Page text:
In Emory's report, before alluded to, also in Captain Johnston's, we find variants of The Story of the Children of Cloud. Thirsty Hawk, the Maricopa, told Emory "that in bygone days a woman of surpassing beauty resided in a green spot in the mountains, near where we were encamped. All-the men admired and paid court to her. She received the tributes of their devotion, grain, skins, etc., but gave no love or other favor in return. Her virtue and her determination to remain unmarried were equally firm. There came a drought which threatened the world with famine. In their distress, people applied to her, and she gave corn from her stock, and the supply seemed endless. . . . One day as she was lying asleep with her body exposed, a drop of rain fell on her stomach, which produced conception. A son was the issue, who was the founder of a new race which built all these houses" (ruins, vahahkkees).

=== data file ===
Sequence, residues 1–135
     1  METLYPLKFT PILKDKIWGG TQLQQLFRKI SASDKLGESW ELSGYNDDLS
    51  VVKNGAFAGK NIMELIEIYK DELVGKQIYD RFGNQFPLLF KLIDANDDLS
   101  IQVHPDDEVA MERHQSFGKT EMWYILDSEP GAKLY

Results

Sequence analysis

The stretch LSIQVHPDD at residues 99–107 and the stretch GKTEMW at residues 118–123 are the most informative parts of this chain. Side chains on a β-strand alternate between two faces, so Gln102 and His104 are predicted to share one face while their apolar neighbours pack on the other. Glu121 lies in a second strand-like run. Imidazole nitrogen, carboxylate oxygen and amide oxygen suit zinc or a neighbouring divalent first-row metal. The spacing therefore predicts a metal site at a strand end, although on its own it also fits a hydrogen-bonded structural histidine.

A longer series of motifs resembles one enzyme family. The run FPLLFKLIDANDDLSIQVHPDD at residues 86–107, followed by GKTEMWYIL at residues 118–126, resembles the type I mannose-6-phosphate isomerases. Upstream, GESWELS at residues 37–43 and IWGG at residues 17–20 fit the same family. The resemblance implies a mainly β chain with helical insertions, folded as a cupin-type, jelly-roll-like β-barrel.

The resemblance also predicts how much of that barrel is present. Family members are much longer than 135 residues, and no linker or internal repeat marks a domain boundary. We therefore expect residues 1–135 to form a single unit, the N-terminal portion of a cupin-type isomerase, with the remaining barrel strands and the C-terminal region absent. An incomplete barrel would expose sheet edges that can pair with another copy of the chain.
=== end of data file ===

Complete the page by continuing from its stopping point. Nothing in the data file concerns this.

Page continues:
Johnston has it: "The general asked a Pima who made the house I had seen. 'It is the Caza de Montezuma', said he, 'it was built by the son of the most beautiful woman, who once dwelt in yon mountain; she was fair, and all the handsome men came to court her, but in vain; when they came, they paid tribute, and out of this small store she fed all the people in time of distress, and it did not diminish; at last, as she lay asleep, a drop of rain fell upon her navel, and she became pregnant, and brought forth a boy, who was the builder of all these houses."
The seeneeyawkum gives her twins but knew nothing of any story of their children or of these buildings, the vahahkkees.